For rentals look at seloger and leboncoin. In theory landlords cannot forbid you to have a dog but they may suddenly find someone else to rent to. Once you have signed a rental contract they cannot evict you for having pets.

Does DHs work have a relocation department? One of the difficulties with renting in France is that you normally have to provide 3 months of payslips as well as an up to date electricity bill (and a bank account which is hard to get without said electricity bill) . If the company can help you with the paperwork life will be much easier.

littlebear1978 Thu 09-May-19 20:58:32

Thank you for the advice. DH will be moving over there for a few months first and his company are helping to relocate so they can help us with paperwork etc. Me and the boys won't move over there properly until we have a rental place and school place.
To be honest he can choose where he sets up the business, needs a place with good transport, a direct airline from Birmingham, good school and ideally an English expat area to make it a bit easier. Not asking much I know!

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MariaNovella Thu 09-May-19 21:14:34

Surely you aren’t planning to send your 14 year old to a French school?

littlebear1978 Thu 09-May-19 22:28:12

What do you mean? I thought an international school was great for lessons in both French and English for children of other languages too. I read the international school of Toulouse has 44% English students.

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MariaNovella Fri 10-May-19 07:42:13

The international school of Toulouse is a proper international school that takes all comers and makes it its job to integrate them. But there isn’t a proper international school in Bordeaux. There’s the school I linked to earlier but it’s not an IB school with all the training and the mobility an IB school has to offer.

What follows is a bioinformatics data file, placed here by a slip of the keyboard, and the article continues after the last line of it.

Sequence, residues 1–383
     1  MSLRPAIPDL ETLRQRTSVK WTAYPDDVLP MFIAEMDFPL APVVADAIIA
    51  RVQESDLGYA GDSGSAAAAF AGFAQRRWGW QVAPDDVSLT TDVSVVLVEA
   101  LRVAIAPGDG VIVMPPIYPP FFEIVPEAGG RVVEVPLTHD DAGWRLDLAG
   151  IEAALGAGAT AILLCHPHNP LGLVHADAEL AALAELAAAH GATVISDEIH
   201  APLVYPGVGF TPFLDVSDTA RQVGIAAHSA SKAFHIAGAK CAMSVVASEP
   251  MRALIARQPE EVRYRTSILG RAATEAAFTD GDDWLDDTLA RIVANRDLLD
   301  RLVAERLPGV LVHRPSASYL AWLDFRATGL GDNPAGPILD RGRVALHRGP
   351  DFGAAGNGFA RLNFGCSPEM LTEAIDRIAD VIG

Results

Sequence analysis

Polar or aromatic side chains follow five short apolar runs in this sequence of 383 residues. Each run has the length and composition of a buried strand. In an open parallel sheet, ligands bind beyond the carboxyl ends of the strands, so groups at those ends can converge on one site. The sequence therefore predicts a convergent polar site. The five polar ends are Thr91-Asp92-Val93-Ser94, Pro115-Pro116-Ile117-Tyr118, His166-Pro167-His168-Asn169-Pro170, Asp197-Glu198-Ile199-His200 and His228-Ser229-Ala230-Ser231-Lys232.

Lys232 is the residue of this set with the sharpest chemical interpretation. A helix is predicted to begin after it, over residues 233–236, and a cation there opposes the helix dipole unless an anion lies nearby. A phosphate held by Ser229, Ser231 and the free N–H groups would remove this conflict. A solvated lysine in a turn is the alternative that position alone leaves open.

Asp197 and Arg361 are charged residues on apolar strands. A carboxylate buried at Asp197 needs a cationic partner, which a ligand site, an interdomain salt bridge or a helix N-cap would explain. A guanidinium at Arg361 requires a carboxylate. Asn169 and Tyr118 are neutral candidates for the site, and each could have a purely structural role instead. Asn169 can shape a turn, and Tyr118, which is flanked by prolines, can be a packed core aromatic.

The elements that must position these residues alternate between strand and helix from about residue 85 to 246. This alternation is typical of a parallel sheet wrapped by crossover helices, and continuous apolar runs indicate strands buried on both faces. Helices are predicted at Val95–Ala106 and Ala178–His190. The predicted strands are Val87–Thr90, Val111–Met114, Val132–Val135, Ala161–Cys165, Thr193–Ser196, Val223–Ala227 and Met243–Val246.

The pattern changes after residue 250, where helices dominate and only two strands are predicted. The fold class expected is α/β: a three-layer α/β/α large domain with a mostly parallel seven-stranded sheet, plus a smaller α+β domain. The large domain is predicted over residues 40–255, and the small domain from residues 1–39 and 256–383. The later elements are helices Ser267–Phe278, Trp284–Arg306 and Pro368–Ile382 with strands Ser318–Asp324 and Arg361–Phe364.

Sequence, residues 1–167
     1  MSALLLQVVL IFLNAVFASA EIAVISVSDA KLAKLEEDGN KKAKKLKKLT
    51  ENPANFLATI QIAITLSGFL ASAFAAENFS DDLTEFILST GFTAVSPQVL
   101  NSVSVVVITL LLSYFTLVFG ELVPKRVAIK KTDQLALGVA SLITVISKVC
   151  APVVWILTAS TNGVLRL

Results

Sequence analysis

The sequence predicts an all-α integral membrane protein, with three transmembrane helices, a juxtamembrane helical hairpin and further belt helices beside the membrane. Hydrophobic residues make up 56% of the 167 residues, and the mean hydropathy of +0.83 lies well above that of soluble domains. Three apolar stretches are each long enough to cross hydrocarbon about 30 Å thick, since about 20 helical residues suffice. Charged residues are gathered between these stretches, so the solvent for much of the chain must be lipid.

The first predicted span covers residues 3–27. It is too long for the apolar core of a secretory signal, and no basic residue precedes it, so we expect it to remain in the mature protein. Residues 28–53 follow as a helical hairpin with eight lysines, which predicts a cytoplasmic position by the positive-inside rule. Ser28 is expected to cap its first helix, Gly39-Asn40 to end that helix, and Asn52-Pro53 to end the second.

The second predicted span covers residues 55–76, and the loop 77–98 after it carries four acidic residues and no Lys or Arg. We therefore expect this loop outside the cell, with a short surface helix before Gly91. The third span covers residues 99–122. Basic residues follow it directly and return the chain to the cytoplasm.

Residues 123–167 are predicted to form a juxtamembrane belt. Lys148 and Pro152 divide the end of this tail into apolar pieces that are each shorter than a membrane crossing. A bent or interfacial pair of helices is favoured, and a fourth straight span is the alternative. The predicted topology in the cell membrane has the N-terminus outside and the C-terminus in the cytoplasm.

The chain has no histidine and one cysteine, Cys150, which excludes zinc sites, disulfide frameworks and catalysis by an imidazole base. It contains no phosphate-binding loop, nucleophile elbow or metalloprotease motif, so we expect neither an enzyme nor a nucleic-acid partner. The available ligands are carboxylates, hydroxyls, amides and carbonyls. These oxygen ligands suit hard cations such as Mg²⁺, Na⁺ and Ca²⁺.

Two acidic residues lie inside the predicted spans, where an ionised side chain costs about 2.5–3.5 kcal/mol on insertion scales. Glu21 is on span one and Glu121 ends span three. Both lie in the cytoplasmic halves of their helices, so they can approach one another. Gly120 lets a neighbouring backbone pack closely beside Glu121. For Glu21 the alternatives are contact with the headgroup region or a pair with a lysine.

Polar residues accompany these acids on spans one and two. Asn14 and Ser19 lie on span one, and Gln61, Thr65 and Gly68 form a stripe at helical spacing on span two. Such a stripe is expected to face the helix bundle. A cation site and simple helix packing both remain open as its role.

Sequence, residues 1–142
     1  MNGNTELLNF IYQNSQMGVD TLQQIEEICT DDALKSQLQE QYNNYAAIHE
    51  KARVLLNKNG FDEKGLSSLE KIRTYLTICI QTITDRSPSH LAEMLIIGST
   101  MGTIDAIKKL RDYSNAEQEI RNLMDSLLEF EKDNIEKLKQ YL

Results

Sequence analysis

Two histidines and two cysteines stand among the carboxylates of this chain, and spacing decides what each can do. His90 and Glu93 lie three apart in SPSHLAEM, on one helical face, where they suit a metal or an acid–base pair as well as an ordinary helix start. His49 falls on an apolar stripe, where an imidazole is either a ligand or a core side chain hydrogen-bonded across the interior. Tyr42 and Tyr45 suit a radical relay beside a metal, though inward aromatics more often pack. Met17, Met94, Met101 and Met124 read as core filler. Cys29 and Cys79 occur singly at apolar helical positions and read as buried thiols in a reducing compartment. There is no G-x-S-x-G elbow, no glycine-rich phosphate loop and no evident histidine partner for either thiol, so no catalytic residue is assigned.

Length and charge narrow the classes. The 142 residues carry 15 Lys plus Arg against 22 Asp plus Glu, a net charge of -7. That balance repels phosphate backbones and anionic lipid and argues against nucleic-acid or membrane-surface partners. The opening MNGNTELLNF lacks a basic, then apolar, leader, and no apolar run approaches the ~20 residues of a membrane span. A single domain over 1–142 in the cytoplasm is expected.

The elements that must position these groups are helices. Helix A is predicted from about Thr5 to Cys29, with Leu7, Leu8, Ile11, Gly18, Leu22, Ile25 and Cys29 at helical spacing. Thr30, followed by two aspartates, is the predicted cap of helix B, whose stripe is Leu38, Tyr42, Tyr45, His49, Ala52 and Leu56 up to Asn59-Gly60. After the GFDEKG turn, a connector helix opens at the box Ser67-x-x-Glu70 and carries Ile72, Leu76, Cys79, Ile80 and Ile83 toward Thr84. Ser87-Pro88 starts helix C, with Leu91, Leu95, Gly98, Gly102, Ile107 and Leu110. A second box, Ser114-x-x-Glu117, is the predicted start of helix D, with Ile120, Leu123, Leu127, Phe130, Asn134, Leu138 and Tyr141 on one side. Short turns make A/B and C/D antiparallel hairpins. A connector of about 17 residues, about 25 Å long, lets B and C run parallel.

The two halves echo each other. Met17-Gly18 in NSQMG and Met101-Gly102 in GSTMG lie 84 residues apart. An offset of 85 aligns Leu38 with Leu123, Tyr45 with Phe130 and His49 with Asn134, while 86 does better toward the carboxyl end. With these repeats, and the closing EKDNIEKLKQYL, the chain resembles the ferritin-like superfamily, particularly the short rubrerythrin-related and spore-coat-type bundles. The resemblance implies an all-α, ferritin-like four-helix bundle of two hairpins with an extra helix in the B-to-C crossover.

littlebear1978 Fri 10-May-19 08:57:05

Ah I see! Thanks for that x

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MariaNovella Fri 10-May-19 09:37:00

I really recommend you meet with all potential schools ASAP. School, not housing your dog, is going to be THE critical issue you are going to need to solve before choosing where to live.

littlebear1978 Fri 10-May-19 10:40:40

Of course, that's the most important thing. I will not want to upset my son in the middle of an important few years at school. A few trips to visit schools and different areas is our plan. It's just getting all the information together at this stage before making any decisions x

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MariaNovella Fri 10-May-19 10:43:49

I agree, the information gathering stage is really important! Bordeaux (and Toulouse) is a really lovely city. IME actually meeting with schools gives you huge amounts of information.

Frenchfancy Fri 10-May-19 12:07:22

I hadn't spotted that DS was 14. I would seriously consider boarding in the UK rather than moving to a French or international school at that age.

Do not underestimate how isolated you may be if you home school. Home schooling is permitted and regulated but I believe you have to follow the French ciriculum.

MariaNovella Fri 10-May-19 12:10:39

I believe you have to follow the French curriculum.

Actually you don’t. Someone I know is home schooling a SN child in English, with tutors, according to an individualized plan. They get French state supporting payments and are inspected by French officials.